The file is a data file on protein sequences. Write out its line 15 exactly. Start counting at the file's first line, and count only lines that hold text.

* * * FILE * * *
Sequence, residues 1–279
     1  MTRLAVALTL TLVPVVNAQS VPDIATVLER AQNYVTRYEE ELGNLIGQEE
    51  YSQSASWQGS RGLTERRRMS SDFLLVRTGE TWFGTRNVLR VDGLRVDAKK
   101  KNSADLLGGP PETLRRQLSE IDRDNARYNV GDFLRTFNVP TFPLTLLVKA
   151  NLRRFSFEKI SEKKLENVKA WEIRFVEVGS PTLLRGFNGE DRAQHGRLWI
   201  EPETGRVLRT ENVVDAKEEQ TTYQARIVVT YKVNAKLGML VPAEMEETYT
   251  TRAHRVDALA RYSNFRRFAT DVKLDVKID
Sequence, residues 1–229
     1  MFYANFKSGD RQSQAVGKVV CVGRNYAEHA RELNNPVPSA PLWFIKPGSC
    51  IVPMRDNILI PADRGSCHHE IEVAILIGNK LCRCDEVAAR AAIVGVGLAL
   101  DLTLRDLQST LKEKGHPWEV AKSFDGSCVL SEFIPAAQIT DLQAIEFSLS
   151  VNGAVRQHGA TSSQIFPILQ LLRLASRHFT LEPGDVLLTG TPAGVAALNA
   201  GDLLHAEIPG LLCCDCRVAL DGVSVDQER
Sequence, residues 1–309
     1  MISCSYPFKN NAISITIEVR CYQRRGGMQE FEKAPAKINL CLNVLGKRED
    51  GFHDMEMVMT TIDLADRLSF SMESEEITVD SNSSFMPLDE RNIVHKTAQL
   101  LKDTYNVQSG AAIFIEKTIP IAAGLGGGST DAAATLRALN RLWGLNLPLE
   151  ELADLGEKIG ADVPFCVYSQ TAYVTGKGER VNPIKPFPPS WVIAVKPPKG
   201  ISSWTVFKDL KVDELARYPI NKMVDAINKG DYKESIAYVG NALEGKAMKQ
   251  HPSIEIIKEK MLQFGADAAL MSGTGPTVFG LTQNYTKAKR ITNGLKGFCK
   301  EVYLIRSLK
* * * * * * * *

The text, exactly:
     1  MISCSYPFKN NAISITIEVR CYQRRGGMQE FEKAPAKINL CLNVLGKRED